of thy heart! How fatal to thy repose proved that coveted purple, which was drenched by thee in so much innocent blood! How much more cheerful were thy days, and how much calmer thy nights, in the former periods of thy life, than when, placed on a throne, thy ears were invaded by day with the cries of the miserable whom thou hadst ruined; and thy slumbers broken by night with the shocking remembrance of thy cruelties and crimes? Never let us judge by the outside of things; nor conclude a man to be happy, solely because he is encompassed with wealth or grandeur. Much misery often lurks where it is little suspected by the world. The material enquiries respecting felicity are, not what a man's external condition is, but with what disposition of mind he bears it; whether he be corrupted or improved by it; whether he conducts himself so as to be acceptable to God, and approved of by good men. For these are the circumstances which make the real and important distinctions among the conditions of men. The effects of these are to last for ever, when all worldly distinctions shall be forgotten.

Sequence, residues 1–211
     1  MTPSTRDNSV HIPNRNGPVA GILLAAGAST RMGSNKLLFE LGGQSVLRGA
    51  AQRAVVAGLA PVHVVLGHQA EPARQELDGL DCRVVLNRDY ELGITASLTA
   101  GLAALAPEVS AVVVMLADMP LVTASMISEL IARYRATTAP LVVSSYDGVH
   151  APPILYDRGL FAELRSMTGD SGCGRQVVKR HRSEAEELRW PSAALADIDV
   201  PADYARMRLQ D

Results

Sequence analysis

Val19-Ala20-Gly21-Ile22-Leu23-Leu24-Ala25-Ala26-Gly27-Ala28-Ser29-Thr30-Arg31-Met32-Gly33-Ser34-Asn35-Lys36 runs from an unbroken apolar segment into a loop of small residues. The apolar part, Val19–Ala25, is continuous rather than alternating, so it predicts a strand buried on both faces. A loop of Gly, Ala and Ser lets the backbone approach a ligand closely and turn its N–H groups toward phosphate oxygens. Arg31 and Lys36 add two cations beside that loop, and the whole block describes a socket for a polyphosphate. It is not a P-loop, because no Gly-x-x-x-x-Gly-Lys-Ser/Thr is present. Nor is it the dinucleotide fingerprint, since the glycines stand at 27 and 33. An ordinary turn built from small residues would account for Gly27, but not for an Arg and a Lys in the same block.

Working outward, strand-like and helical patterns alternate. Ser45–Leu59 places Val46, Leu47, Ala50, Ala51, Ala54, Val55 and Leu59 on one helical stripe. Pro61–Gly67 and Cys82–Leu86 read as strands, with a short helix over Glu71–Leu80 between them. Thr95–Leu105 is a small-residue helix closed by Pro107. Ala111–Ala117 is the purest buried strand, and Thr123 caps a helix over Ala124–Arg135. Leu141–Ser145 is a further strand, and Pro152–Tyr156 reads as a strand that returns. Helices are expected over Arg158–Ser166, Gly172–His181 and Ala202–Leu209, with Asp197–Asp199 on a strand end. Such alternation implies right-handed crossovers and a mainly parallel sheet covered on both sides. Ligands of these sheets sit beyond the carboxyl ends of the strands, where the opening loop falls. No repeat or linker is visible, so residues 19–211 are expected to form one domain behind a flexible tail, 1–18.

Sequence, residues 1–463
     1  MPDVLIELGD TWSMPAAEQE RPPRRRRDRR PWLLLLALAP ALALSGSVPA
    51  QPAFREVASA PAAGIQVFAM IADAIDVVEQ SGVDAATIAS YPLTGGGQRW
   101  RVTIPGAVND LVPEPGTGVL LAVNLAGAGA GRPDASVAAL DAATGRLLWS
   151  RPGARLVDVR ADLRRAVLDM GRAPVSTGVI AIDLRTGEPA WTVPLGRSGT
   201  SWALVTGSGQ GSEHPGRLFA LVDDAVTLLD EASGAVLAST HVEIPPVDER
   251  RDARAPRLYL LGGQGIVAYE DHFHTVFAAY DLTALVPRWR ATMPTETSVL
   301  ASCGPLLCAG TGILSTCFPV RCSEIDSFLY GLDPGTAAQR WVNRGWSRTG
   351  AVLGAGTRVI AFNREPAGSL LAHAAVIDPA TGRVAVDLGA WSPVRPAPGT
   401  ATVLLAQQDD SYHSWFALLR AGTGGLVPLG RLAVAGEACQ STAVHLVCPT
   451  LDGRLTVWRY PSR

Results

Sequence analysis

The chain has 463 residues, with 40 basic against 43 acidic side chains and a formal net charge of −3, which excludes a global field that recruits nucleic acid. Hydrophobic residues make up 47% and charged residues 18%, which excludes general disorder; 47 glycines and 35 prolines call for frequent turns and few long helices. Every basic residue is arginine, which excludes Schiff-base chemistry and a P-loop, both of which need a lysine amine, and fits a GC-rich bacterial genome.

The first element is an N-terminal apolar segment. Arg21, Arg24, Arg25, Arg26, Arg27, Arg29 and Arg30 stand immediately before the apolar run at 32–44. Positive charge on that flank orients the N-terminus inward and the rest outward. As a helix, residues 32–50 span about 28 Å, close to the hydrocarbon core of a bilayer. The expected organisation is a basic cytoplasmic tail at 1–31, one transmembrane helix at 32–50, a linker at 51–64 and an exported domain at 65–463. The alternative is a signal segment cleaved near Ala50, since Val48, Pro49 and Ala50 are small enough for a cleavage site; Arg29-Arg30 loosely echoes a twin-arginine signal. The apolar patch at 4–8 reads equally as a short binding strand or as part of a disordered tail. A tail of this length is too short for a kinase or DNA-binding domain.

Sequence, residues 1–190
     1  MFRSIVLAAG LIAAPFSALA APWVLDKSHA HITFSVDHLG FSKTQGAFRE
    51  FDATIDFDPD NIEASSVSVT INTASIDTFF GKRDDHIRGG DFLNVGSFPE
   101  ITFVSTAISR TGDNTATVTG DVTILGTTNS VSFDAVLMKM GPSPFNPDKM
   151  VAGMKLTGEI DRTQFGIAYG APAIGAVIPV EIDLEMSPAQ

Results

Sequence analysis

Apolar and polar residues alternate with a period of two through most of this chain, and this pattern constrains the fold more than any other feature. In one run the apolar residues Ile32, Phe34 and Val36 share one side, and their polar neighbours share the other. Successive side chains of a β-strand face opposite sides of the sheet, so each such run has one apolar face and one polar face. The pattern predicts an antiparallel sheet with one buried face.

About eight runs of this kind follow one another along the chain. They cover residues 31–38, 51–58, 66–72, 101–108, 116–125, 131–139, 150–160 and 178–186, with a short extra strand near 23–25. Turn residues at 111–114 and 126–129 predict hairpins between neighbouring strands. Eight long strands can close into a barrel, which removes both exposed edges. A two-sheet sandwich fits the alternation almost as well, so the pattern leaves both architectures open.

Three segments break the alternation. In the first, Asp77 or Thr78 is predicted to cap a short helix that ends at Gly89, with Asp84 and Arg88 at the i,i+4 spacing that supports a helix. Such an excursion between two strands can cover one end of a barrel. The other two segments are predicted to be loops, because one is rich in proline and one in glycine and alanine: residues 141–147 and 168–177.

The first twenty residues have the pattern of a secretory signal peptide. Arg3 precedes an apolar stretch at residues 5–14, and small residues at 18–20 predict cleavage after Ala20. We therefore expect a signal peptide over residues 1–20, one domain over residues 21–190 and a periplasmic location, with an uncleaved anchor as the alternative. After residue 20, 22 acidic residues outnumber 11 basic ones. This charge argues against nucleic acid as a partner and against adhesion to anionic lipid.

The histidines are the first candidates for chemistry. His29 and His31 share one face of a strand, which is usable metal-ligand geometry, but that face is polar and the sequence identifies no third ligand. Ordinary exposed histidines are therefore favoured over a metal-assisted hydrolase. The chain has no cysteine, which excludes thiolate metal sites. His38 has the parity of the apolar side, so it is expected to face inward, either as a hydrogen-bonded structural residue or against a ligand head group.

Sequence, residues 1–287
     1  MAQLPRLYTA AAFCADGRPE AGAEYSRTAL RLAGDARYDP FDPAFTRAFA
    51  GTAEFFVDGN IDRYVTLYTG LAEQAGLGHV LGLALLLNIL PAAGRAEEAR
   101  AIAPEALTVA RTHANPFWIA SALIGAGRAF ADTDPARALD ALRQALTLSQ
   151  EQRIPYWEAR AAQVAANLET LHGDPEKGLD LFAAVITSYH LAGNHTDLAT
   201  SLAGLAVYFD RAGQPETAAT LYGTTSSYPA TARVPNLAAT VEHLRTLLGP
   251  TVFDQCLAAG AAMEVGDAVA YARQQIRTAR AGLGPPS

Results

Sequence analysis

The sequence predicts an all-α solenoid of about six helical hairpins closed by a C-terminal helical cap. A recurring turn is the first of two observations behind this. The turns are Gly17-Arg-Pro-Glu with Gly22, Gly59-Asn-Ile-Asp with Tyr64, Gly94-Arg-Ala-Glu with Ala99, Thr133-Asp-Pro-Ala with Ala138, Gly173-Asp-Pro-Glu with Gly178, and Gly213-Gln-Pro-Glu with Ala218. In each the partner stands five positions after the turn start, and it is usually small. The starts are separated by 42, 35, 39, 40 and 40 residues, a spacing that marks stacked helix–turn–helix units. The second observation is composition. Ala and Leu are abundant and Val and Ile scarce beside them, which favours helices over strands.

In the fourth place, From all that has been said, we should learn never to be immoderately anxious about our external situation, but to submit our lot with cheerfulness to the disposal of Heaven. To make the best and most prudent arrangements which we can, respecting our condition in life, is matter of high duty. But let us remember that all the plans which we form are precarious and uncertain. After the utmost precautions taken by human wisdom, no man can foresee the hidden dangers which may await him in that path of life on which